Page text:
Photo: Ethan Miller / Getty Images
Photo: Ethan Miller / Getty Images

The last few decades in particular have seen a series of feminist activists and academics fight so that women have the right to be whoever they want to be.

Frustrated by a society which believed (and, in some cases, still believes) that women should only be wives and mothers, millions of rebels have gathered to protest, demonstrate and fight against a cultural stigma which keeps them confined to 'traditional' roles.

Despite this ongoing struggle, there are plenty of campaigners encouraging women to conform.

One such campaigner is Krista Shanelle, a self-described blogger and makeup artist whose recent controversial Facebook post landed her an interview with Bored Panda.

In the initial status she wrote that you can't be a "non-traditional woman but expect to be with traditional men."

You don't want to be a 1950's wife, but you want a 1950's husband. You want to define what real manhood is, but you don't want men to define what womanhood is.

You say men are too feminine, but you don't want them to say that you're too masculine.

When you think that way, it makes it evident to men that you don't respect them, their position or their ideas, so why should they be enthused about providing, protecting and being with you?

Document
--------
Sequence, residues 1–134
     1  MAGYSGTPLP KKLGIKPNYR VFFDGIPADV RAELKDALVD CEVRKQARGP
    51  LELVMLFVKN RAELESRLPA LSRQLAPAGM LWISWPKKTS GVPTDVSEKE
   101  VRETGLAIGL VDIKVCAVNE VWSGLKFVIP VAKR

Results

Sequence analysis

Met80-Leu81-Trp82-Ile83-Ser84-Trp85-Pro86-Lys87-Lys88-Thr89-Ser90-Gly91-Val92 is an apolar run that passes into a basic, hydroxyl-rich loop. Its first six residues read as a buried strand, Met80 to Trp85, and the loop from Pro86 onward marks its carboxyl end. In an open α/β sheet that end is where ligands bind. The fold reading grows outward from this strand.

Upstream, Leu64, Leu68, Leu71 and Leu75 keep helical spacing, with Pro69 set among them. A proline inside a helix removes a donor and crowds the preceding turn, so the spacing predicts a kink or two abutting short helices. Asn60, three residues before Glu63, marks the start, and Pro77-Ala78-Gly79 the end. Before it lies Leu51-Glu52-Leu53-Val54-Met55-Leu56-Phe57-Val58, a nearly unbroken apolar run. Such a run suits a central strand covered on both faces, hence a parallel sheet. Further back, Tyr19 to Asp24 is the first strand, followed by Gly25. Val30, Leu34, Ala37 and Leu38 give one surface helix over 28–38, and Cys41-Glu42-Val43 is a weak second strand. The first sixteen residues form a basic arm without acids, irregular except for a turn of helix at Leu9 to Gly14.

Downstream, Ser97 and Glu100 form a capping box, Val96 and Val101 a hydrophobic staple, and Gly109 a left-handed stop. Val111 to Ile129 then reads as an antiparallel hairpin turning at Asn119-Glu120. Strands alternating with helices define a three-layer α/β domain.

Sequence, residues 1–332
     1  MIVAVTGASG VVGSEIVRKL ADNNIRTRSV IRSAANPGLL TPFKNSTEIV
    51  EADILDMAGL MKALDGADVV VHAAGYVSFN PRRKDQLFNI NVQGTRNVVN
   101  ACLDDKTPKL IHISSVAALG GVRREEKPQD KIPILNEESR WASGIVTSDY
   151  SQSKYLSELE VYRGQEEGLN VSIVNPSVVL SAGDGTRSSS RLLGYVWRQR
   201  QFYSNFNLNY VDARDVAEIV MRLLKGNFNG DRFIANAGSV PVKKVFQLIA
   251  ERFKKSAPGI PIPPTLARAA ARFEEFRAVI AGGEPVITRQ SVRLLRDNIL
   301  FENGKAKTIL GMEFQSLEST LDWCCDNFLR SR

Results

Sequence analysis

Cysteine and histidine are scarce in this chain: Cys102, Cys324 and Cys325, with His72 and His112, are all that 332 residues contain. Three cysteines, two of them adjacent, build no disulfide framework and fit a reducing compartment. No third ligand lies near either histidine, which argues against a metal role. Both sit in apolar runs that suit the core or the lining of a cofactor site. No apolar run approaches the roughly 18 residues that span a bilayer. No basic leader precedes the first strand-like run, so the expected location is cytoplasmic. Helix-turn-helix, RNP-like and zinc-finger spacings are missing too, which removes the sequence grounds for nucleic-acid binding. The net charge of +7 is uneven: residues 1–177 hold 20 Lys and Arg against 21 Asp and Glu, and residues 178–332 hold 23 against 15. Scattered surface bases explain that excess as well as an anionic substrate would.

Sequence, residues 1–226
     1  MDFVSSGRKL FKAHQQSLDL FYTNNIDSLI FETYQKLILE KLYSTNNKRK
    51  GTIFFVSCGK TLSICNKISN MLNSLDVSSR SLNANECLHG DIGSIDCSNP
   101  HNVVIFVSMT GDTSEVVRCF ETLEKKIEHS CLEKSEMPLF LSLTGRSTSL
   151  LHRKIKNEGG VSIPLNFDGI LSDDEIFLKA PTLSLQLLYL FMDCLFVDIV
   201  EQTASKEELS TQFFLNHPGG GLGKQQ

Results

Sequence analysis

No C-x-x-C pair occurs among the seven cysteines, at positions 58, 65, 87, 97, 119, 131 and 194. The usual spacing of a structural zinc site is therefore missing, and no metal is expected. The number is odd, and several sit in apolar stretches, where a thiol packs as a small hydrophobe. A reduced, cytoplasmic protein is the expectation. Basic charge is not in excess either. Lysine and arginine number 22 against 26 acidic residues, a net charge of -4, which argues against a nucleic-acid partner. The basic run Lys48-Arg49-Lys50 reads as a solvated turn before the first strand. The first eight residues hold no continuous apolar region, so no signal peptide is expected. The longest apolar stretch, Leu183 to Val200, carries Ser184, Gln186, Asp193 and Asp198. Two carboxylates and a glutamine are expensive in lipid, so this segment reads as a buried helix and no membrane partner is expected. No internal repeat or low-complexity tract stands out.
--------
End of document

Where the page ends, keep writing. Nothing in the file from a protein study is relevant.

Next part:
Shanelle has expressed similar views in the past in a series of blogs whose titles range from 'How I Gave Up Feminism (And Why You Should Too)' to 'Pretty Girls Don't Fight' and, unsurprisingly, they've proven controversial.

Some social media users agreed with Shanelle's original post and expressed their relief that someone was finally voicing the concerns, whereas others highlighted the "clear power imbalance between men and women" which her post failed to address.

One user described her as an MRA (men's rights activist) and another called her out more explicitly, writing:

Pretty words and all but fixing the world ain't gonna start with you choosing a side while making the other one look like a selfish sh*t.

Shanelle may be advocating for a return to 'traditional' values, but other women worldwide are currently dealing with more pressing issues: Argentina recently voted not to legalise abortion despite widespread feminist protest, Turkish mourners are currently grieving the murder of a trans woman and the internationally-documented #MeToo movement only recently succeeded in landing its first sexual assault conviction despite overwhelming evidence.

Perhaps it's not quite time to give up on feminism just yet.

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